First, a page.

I'm just starting Ken's Lesson Volume 1, and am looking forward to it. Having been awakened to some of the breathing support techniques just in the last year I can tell you that they make an amazing difference, and resulted in a big improvement in my range, tone, and stamina. A big challenge for me is consistency, to remember to apply them. You see I have always considered myself a guitarist-first, vocalist out of necessity. So now, by applying discipline, I'm confident that the world is my oyster, as they say.  ~Ready to start!
  • highmtnhighmtn Posts: 11,280Administrator, Moderator, Enrolled, Pro

    Gentlemen, and Ladies, You may start your engines!!!

    : ^ )

  • Asim_HussainAsim_Hussain Posts: 27Pro
    Welp, glad I could revive this thread with my persnickety nitpickery.
  • JoshuaJoshua Posts: 84Member, Enrolled
    I've got pitch problems, occasional but persistant. If you don't, good for you. I don't really understand my pitch issues except for some isolated points; let me enumerate.

    1. The most common - I just don't know the notes and I overestimate my ability to sing on the fly. This can be fixed - I just need to slow down and be less excitable
    2. The descending notes part A - I lost pitch descending because I don't use the same mechanism that got me up there, [open throat, diaphragm] to bring me back down (this one use to irritate the shit out of me because I didn't seem to have any control over it and didn't know why I was doing it) lead to part B
    3. The descending notes part B - you MUST MUST MUST remodify the notes on the way down to keep the throat open. Which means, use your tongue or how ever you feel the "heeyounga" feeling in the back of your throat. Otherwise you fall off, your brain engages and pitch fails.
    4. Missing High Notes - this one is still a bit of a trick for me. I think in getting to know my voice there are certain times where I take too much energy up and I do not release into my head voice. I have a great connection between head and chest on scales, but when it comes to words, I either get hung up on words, distortion or failing to release because I'm afraid it won't sound as cool. This one seems to be experience related and coaching related (in the sense that if I had someone listening they could probably guide me through it faster than I can learn it on my own)
    5. Lack of Pacing - I've discovered that pacing, as I play out in a live band every single weekend for 4 hours straight, has been an issue with Pitch. Ken helped me discover it - as I could sing a song I knew, very well, in a controlled environment with minimal if any pitch problems, but live I'd miss notes all over. Pacing with my dancing ended up being the issue and prepping the diaphragm to go grab those notes and still be ready for the next one proved to solve that.

    Besides all of that - my tone and vocal size is killer. Thanks KEN!
  • orexzaorexza Posts: 18Volume 1
    ken's story makes realize that if you believe and stick with it then impossible is not possible!
  • Quan ZhouQuan Zhou Posts: 11Pro

    Hi Bob,

    Any hints on how to open the pdf.

    I hover and click the mouse and get nothing :-(

    Roger


    *It would be nice if we can read that PDF file ;)*

  • Quan ZhouQuan Zhou Posts: 11Pro
    By far, KTVA is the only program I recommend to any of my friends who wanna sing or who wanna sing better. Although they are Chinese and most of them doesn't know English well.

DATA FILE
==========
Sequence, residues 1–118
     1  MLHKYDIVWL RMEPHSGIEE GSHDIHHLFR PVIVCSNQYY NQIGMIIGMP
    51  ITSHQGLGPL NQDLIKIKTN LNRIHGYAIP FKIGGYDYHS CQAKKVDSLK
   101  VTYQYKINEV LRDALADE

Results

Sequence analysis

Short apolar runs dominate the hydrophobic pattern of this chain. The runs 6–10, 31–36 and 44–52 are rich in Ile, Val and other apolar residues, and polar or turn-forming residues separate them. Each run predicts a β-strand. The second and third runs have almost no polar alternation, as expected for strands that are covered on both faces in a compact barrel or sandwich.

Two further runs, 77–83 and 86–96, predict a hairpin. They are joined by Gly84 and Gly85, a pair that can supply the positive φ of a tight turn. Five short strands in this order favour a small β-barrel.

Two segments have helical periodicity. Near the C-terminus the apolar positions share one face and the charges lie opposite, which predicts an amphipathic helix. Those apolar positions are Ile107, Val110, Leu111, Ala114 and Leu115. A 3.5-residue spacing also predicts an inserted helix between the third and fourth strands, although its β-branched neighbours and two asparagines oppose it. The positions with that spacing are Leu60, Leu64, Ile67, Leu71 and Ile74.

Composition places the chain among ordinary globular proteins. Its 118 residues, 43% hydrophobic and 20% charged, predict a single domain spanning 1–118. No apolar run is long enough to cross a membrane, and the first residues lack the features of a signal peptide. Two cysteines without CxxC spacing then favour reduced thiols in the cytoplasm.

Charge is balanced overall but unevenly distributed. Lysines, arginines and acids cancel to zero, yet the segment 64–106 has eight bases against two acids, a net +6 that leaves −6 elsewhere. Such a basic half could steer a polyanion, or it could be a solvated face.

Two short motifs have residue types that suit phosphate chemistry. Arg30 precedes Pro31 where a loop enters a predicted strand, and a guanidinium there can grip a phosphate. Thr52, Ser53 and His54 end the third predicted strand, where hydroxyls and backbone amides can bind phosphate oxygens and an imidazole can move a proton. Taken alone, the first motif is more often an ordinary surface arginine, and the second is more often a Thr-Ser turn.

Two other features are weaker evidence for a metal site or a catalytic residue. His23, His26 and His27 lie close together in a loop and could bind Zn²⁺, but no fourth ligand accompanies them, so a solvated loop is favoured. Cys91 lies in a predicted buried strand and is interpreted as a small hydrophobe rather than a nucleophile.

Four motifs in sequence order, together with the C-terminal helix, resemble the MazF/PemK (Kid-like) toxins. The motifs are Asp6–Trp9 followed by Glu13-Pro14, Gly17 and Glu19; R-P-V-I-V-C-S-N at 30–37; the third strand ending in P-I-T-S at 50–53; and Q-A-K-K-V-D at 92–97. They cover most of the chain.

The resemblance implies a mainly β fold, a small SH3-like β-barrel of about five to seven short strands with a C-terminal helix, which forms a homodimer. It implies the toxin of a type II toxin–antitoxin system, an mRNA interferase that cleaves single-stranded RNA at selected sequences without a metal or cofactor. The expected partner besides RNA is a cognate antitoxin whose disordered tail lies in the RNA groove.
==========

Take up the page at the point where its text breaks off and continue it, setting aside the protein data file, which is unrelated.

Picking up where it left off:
Vocal training environment in China is way more confused than North America. Most of them can't even sing like a pro, they can't even sing for a longer period of time without a single break. What they do is reading the textbook, explaining concepts and steal credit from famous singers who may just only had a photo with them. (Worse!)
  • Quan ZhouQuan Zhou Posts: 11Pro
    edited January 2014
    For a point of speaking, Chinese consumers are confused by marketing strategy easily :(
    (like my mom.... 
  • highmtnhighmtn Posts: 11,280Administrator, Moderator, Enrolled, Pro
    edited January 2014

    @Quantumjoe,

    The message near the top of this thread that starts out: "Ken Tamplin's Testimony Of His Singing Journey" is the text of the pdf file.    So many people were unable to open the pdf, I just copied and pasted it into this thread so everybody could read it.

    If you read the post, you read what's in the pdf.  The pdf must be corrupted or something.

    Anyway, it's a great story!!

     

    Bob

  • JeffDenmarkJeffDenmark Posts: 181Pro
    Yeah it Really is :)
  • johnjohn johnjohn Posts: 99Pro
    Pleased to report it's all working out very well for me!  :-)




  • highmtnhighmtn Posts: 11,280Administrator, Moderator, Enrolled, Pro

    Congratulations on getting into a band, Kiki!

    There is a lot of fun and adventure to be had singing and/or playing in bands, especially singing. 

    Your friend the pianist was right.  You have to prepare yourself, so that when that moment comes along, you can jump on the train when it comes through town!

    Good for You!

    Bob

  • everdroneeverdrone Posts: 158Pro
    I am from Costa Mesa, California. I studied with Andy Boettner as well at his home studio in Newport Beach, brings back memories! My best friend in high school was Richard Tamplin, not sure if any relation to Ken Tamplin.

    I see Ken's quote above:

    "I started taking lessons from Andy Boettner (who claims he worked with Michael
    Jackson way before Seth Riggs claims Michael)."
  • kaulferskaulfers Posts: 296Pro
    A nice reminder.
  • bentkbentk Posts: 353Pro
    edited June 14
    Great story and inspiring.
    Ken has been going through quite the ride in his singing journey.

    Is he still active on the forum? I can imagine he is too busy for it.
  • highmtnhighmtn Posts: 11,280Administrator, Moderator, Enrolled, Pro
    To say Ken is busy is putting it mildly. His singing journey is still going full-tilt with activity.